So it’s going to crack 300 Million easily! My point being you put the number of screens and marketing of DARK KNIGHT behind HANCOCK, or IRON MAN they would have cracked the 500 Million dollar mark as well! Honestly HANCOCK with no support is going to do at least half of DARK NIGHTS domestic gross. So just following the math, putting subjective concepts aside, and extrapolating from what the movies are currently doing, if HANCOCK or IRON MAN had opened on as many screens as DARK KNIGHT, with its positive marketing, they would surpass DARK KNIGHT in domestic gross. Period.

DARK KNIGHT’s success is one of marketing more than content. Over 9000 screens, including IMAX screens, and a critical marketing hype campaign bordering on religious hysteria goes a long way toward filling seats. The movie is good, but it is not the masterpiece the critics would delude you into believing.

And I freely admit I’m not a fan of Christopher Nolan, I think he’s an extremely overrated director. I’m not a fan of any of his films. He has a tendency to start films well, but lose his way by the time he gets to the end. MEMENTO…ehh, I could take it or leave it. INSOMNIA… ehhh, just…. much ado about nothing, BATMAN BEGINS…solid beginning, tedious middle, idiotic end…. Stupidest costume ever, PRESTIGE…good beginning, ending…. not so much, it’s a poor man’s ILLUSIONIST.

So that brings us to DARK KNIGHT. Two complaints off the top:

1/ The costumes, both old and new, are still horrendously stupid. How you can spend over a 100 Million on a movie and be unable to come up with a suit that doesn’t make people want to laugh out loud when they see your protagonist is beyond me.

Sandy Collora, A director and Special Effects/Makeup Designer, a year or two before BATMAN BEGINS created for $50,000 a short fan film called BATMAN DEAD END (you can view it here: http://www.collorastudios.com/projects/bde/bdemain.htm). I defy you, I utterly defy you to compare the look of the BATMAN he creates in that film, to the transformer looking nonsense that Nolan has Bale wearing, and in any way prefer Nolan’s version (And no, I don’t know Mr. Collora personally, I just saw his film a few years ago and was then, and remain now… utterly impressed by his brilliant take on the character of the Batman. He got it right).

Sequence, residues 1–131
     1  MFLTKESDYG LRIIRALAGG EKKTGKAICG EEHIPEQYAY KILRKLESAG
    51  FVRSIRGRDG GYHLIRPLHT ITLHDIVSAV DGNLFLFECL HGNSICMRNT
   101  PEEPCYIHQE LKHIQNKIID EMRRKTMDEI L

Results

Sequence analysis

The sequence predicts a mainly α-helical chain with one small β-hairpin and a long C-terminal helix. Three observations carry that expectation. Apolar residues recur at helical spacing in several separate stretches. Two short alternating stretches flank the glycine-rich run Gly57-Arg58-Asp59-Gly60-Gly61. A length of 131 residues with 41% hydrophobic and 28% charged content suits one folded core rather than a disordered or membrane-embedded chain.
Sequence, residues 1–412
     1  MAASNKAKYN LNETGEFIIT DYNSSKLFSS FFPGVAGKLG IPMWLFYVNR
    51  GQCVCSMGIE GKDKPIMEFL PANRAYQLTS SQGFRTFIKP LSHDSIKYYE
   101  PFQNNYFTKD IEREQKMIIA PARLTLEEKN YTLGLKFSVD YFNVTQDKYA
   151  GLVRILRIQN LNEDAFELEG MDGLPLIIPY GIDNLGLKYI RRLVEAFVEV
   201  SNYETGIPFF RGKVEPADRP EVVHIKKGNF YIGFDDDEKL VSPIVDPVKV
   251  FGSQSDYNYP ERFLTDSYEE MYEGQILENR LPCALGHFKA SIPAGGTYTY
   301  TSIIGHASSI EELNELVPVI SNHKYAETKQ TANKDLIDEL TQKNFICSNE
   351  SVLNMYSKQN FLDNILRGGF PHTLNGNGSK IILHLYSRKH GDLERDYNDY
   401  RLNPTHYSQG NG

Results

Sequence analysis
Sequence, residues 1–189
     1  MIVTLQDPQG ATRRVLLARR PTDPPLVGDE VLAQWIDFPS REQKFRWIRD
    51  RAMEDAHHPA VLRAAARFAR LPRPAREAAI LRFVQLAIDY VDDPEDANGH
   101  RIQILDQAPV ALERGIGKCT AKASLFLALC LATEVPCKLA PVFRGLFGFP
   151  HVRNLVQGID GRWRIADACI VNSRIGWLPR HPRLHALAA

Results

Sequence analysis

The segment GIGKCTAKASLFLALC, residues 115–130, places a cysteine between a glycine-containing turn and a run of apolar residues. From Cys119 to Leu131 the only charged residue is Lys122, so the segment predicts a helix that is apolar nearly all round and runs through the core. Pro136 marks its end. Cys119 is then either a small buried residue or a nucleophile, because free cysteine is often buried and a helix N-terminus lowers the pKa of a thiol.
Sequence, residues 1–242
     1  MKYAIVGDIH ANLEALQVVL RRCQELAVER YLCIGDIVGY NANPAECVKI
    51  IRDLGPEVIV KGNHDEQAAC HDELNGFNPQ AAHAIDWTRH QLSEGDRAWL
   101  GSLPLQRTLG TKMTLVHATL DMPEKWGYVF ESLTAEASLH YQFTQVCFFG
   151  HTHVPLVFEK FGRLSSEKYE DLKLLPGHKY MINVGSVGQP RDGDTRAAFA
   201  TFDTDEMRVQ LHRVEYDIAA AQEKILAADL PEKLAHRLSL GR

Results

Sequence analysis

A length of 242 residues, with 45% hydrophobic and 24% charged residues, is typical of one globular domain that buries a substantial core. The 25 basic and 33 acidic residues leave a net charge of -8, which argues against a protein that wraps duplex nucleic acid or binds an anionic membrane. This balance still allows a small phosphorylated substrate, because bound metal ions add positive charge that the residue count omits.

Collora’s version looks like someone you do not, in this world, want to meet in a dark alley. Nolan’s version looks like a hobo got a hold of some cardboard and Styrofoam, and makes you pee yourself laughing whenever you see him on screen.

Bottom Line; Nolan’s version of Batman is handicapped by a stupid costume, and how you mess that up, when you have over seven decades of comics/storyboards to choose from is completely beyond me. The movie works far better when they don’t have Bale in that laugh inducing box, someone calls a costume. It is inexcusable. And moving on to my next issue…

2/ THE LOVE INTEREST… Maggie Gyllenhaal…. in a word: no. Just no. I don’t want to be cruel here, she may be a nice lady but she’s not remotely the type of person men are going to fight over. So her being a love interest for a billionaire, and the city’s DA, both men that could have their pick of women… was not remotely credible. It’s plain poor casting. Plus in addition to not being the woman for the part, Gyllenhaal lacked the presence to bring anything to her scenes. My opinion admitedly, others may have loved her, but I found her, like the suit, an obvious and inexplicable weakness that should not have made it into the final film. I think it would have been a far stronger film with an actress of say the stature of Nicole Kidman or Rosanna Arquette.

Okay those were the two glaring warts, that continued to bug me throughout the movie. But I’ll give Nolan credit for an ambitious script, that tosses in everything and the kitchen sink. It’s not a great movie, but it has great moments. It is easily Nolan’s best film, and central to this is the performance of Heath Ledger, absolutely phenomenal in his role as the Joker. I did not see Heath Ledger in this movie, he completely created something else, completely was this thing, this… Joker. I think talk of this film being a masterpiece is BS, talk of it being a great film is BS, what I don’t think is BS, is talk of Ledger being nominated for a best actor award.

Like I have said, I’ve seen a lot of films this year, Ledger’s performance ranks up there with the best of them. He single-handedly makes this entire film… better than it would otherwise be. He makes me survive the horrendous scenes of Bale trying to act wrapped in a transformer suit, and helps get my mind off pondering why Maggie Gyllenhaal is even in this film.

His performance makes a trite villain, true. And an uneven film, nearly fluid.

Add to that, moments of cinematic greatness, the triple assassination scene stands out as… brilliant. That you have to hand it to Nolan for, that’s a masterful bit of direction and editing. So there was a lot to like in this movie, and it worked largely because the movie stayed away from Bale in the suit, and Gyllenhaal’s screen time was relatively brief. But ultimately the last act is all about the suit, and that’s the part that works the least for me. So while strong in parts, it’s unfortunately another Nolan ending that leaves something to be desired.

But it’s a far stronger film than anything previous from Nolan. I just think he tries too hard for his films to have a gotcha ending, rather than just a good ending. He’s not David Fincher or early Shyamalan, he can’t pull off the gotcha ending, so he needs to stay away from trying to be cute, and just try for solid and consistent.

So while I hated choices the filmmakers made, that I think unnecessarily hampered a film that could have been… great, they made enough right choices to get this very long film, my grade of: B. Recommended with reservations. (Oh and next Batman movie, hire Mr. Collora to do the suit! 🙂 )